At the most basic level, the financial crisis has come to be explained as follows: Wall Street banks blew up the world economy through the sale of toxic mortgage bonds, based on even worse individual mortgages, personally enriching bankers along every step of the process, at the expense of essentially everyone else.
This is a simplification, surely, but it’s true enough.
It’s also about time that we grasp that equally alarming incentives have created a new free-for-all that very well may unleash its own wave of toxic destruction.
I am talking, of course, about our media system. A system in which tens of thousands of reporters—bloggers—chasing online traffic bonuses produce sensational, inflammatory and outright dangerous “news” at the expense of the public they are supposed to be serving. A system in which speculative, high valence news—whether it starts as a tweet or a rumor—is packaged, dissected, repacked, and passed along from outlet to outlet until a thinking person can hardly follow what is real and what is fake.
Yes, there are a few instances of outright fraud. After the Super Bowl, a BBC reporter named Alex Collins was caught brazenly asking a source on Twitter to help him manufacture the angle that people were outraged about Beyoncé’s performance. In 2013, one of Gawker’s editors felt safe enough to openly admit that “traffic would crater” if they only printed true stories (the former viral contributor responsible for that dubious viral content is now a senior director for The Hill). There is also the nasty habit of writers benefitting from criminal hacks and stolen information to grab pageviews.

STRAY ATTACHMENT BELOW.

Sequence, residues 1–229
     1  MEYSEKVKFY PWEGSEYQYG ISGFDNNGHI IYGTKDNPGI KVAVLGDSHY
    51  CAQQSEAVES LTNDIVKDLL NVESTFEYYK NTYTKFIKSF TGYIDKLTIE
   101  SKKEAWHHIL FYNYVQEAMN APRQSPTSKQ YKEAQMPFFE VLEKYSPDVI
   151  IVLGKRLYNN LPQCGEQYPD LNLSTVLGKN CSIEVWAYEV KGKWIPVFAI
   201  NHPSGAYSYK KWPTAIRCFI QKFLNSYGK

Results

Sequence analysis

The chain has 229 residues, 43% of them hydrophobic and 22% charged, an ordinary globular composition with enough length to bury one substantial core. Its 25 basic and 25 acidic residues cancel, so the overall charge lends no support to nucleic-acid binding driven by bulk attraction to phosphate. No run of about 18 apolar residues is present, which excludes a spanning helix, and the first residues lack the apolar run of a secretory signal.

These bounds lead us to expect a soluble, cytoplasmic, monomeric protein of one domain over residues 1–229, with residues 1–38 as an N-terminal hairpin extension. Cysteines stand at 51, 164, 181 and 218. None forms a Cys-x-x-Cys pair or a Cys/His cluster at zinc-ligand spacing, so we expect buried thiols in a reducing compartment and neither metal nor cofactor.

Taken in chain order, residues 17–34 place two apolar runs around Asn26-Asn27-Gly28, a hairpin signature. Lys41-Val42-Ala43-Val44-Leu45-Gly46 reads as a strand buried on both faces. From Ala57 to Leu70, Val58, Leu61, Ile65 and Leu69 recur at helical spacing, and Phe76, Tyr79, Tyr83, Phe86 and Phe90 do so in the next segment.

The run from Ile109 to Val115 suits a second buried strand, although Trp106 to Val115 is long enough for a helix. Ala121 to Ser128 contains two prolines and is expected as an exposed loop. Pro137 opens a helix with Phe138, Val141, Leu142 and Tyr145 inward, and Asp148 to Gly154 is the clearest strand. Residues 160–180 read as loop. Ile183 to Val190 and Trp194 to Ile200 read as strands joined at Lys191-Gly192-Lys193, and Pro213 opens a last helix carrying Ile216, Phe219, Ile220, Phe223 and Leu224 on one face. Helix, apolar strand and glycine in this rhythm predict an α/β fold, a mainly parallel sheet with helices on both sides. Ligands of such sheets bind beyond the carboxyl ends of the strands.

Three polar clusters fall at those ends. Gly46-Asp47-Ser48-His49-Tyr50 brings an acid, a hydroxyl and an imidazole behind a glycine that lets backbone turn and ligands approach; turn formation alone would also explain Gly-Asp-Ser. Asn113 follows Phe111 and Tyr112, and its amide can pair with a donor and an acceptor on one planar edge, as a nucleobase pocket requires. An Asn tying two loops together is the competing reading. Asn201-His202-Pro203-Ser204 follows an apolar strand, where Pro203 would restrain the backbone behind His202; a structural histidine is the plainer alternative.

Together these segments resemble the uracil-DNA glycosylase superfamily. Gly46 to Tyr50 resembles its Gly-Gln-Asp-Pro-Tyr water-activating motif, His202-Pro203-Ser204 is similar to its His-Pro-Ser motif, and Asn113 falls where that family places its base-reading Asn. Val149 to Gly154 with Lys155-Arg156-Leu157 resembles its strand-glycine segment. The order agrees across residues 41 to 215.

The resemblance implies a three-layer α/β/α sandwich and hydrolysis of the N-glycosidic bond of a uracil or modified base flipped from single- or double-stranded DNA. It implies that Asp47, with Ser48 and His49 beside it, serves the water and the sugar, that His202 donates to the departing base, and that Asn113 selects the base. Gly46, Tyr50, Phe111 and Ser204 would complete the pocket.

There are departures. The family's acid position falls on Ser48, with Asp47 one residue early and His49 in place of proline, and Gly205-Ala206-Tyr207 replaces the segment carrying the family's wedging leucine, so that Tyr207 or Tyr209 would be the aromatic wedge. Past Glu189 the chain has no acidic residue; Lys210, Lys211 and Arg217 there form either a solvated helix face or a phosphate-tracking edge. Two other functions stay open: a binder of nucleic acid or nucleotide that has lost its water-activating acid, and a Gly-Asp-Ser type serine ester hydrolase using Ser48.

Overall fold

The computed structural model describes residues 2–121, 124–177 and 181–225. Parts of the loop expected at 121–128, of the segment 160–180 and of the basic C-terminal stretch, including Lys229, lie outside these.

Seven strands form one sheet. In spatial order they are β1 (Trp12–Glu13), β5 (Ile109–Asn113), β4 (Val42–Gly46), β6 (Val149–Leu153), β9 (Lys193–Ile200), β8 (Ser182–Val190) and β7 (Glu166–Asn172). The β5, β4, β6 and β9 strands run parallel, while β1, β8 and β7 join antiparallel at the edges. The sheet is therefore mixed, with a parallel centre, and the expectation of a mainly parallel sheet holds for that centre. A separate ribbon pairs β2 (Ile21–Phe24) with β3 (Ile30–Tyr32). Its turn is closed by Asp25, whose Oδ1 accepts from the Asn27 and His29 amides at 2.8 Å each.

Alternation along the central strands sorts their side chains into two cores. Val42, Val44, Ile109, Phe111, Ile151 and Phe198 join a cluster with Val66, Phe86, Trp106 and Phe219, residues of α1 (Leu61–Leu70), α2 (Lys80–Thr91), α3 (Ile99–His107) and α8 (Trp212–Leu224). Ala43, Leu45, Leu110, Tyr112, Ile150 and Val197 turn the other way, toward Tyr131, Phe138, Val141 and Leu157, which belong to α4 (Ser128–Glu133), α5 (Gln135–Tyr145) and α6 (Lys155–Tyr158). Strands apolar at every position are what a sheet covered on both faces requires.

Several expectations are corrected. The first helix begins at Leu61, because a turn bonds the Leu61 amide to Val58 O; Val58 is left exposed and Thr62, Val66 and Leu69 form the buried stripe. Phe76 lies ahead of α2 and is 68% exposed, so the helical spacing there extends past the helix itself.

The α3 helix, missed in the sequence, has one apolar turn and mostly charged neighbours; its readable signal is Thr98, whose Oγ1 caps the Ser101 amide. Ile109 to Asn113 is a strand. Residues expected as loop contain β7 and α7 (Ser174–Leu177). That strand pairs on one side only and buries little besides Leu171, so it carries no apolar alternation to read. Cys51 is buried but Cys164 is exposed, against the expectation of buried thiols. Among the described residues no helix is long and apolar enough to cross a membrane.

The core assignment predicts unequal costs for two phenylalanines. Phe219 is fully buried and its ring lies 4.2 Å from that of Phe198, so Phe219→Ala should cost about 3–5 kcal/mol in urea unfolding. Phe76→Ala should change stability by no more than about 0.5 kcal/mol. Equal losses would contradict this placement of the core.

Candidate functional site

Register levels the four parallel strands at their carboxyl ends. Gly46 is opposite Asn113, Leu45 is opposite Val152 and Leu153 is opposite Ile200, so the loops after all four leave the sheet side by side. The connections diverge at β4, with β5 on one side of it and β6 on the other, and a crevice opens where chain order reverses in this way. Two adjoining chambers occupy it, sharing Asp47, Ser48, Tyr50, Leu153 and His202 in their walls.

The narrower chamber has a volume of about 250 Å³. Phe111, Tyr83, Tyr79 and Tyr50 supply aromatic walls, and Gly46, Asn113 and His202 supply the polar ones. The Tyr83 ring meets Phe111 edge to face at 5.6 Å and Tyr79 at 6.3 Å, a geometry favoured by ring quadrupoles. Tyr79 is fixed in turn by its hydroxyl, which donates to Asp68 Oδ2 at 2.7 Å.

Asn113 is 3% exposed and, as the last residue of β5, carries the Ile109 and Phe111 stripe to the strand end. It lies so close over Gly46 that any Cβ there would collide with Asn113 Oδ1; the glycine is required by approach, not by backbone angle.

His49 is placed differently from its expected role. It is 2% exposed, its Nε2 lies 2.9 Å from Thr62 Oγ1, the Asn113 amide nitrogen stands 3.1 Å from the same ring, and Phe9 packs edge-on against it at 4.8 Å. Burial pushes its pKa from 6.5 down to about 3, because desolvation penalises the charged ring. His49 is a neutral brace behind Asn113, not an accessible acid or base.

But these instances are really just the egregious cherries on top of a much larger, systemic manipulation—one that most people miss despite its potentially profound implications. Expressing truth the way that only humor seems to be able to, a spoof called the The Wolf Of BuzzFeed, described it perfectly: “It’s simple, we target the easiest demographic in the world…Facebook users.” In fact, Facebook is in a way, the bankroll behind this insanity—actually partnering with Fox News in August to sponsor the first GOP Primary Debate and CNN in October to sponsor the first Democratic Primary Debate.